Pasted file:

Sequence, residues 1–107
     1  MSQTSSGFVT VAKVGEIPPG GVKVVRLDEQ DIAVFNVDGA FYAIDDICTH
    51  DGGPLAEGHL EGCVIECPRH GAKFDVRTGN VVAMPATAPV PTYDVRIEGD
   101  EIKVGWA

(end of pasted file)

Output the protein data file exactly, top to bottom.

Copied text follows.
Sequence, residues 1–107
     1  MSQTSSGFVT VAKVGEIPPG GVKVVRLDEQ DIAVFNVDGA FYAIDDICTH
    51  DGGPLAEGHL EGCVIECPRH GAKFDVRTGN VVAMPATAPV PTYDVRIEGD
   101  EIKVGWA